Overview

prasāda


Show Summary Details

Quick Reference

1 Theologically, a term expressing the free choice, or action, of a deity, or power, to favour a devotee with the means to liberation (e.g. knowledge), or liberation itself. This idea that the liberation of the individual depends, ultimately, not on their own actions (karma), but on a power beyond them, characterized as ‘grace’ (prasāda) appears in the Kaṭha (2.20f.) and Śvetaśvatara Upaniṣads (3.20; 6.21), and the Bhagavadgītā (e.g. 18.56, 58), and is subsequently taken up by various theistic devotional movements. It probably receives its most sophisticated theological treatment in the Viśiṣṭādvaita of Rāmānuja and the works of the Śrī Vaiṣṇava theologians who follow him. Whether surrender (prapatti) to the deity is sufficient to incur liberation through his or her grace (which can wipe out the effects of karma), or whether works (karma) are required too, remains a point of constant tension—one that perhaps finds a material resolution in the other major use of the concept of prasāda (2).

2 At the end of a pūjā, the deity's (or the object of worship's) favour, or prasād(a), is materially conveyed to the devotees through the distribution, by the priest or priests, of food, and a wide range of other previously made offerings. This is shared among the participants, regardless of their place in the social hierarchy, and either consumed, or, in the case of non-foodstuffs, worn on the body. Because of their proximity to the deity, such left-overs (themselves known as prasāda) are considered to be ‘blessed’—that is to say, imbued with the deity's power and grace. It is these qualities which are then physically transferred to the devotees, bringing about their temporary identification or merger with the god. Typically, prasāda takes the form of a piece of fruit, cooked rice, water, or sweets. Flowers may also be returned, as may ornamentation from the image of the deity, such as sandalwood paste, kuṃkum (to Goddess worshippers), and bhasman (ash) (to Śaivas), which is then applied to the forehead or smoothed into the hair. The extent to which societal hierarchical relationships, based on commensality, are mirrored, or transcended, in the offering and consumption of prasāda has been much debated by scholars, but remains ambiguous.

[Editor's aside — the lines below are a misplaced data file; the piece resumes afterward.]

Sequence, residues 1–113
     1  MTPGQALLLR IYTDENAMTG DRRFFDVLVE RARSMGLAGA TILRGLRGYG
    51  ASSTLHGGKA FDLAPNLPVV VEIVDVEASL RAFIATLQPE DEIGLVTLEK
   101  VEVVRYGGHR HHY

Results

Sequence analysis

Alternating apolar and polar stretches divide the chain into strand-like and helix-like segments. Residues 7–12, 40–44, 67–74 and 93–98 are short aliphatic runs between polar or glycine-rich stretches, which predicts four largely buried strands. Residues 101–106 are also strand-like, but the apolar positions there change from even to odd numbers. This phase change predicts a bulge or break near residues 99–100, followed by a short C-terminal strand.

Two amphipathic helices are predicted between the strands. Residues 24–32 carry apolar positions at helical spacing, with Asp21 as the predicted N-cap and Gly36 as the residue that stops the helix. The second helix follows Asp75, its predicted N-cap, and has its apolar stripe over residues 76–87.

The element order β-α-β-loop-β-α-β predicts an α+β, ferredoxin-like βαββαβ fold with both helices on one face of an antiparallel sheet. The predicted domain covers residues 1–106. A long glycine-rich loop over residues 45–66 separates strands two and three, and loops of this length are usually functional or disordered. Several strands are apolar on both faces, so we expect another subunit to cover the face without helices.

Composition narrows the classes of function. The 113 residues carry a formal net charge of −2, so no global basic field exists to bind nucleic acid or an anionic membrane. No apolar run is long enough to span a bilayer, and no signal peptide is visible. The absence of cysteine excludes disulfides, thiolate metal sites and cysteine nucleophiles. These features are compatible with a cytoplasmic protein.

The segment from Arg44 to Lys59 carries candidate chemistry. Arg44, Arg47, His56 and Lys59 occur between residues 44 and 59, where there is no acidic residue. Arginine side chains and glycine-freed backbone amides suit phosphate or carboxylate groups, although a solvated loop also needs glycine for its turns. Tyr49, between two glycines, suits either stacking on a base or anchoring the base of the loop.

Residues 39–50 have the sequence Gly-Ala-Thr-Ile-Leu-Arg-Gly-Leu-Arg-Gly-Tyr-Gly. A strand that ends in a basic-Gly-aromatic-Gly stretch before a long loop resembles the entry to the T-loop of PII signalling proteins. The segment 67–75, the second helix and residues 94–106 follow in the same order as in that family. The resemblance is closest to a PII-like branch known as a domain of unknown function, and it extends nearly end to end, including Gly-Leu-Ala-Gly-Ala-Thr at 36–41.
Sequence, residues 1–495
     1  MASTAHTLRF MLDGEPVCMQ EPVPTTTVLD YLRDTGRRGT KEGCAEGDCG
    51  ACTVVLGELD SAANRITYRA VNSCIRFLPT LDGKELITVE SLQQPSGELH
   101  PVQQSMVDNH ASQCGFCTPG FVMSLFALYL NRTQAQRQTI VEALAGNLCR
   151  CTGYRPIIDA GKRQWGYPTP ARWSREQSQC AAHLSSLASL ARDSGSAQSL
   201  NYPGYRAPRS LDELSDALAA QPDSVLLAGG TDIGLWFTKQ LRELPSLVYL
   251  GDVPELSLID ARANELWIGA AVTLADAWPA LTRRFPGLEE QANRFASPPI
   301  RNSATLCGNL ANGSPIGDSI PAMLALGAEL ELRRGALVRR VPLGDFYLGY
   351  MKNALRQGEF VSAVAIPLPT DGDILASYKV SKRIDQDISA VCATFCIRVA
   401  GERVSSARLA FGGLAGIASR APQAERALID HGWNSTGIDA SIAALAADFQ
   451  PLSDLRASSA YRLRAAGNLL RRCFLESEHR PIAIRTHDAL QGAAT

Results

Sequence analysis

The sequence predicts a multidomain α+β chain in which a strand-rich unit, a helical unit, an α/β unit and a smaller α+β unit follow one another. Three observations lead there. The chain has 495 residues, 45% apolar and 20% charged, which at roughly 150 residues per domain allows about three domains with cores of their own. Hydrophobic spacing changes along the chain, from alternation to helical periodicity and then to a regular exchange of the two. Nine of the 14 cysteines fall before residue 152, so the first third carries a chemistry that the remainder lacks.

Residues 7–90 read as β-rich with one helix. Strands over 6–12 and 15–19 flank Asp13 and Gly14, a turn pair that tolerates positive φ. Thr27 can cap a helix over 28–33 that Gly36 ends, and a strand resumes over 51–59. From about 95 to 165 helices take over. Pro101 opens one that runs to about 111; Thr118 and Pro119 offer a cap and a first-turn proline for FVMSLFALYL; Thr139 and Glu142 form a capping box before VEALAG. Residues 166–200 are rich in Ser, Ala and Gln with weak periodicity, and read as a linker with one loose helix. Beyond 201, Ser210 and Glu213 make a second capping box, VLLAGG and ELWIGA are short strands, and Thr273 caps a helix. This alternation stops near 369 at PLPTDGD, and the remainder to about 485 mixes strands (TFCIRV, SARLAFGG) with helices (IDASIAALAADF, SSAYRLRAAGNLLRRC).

Subjects: Hinduism.


Reference entries

Users without a subscription are not able to see the full content. Please, subscribe or login to access all content.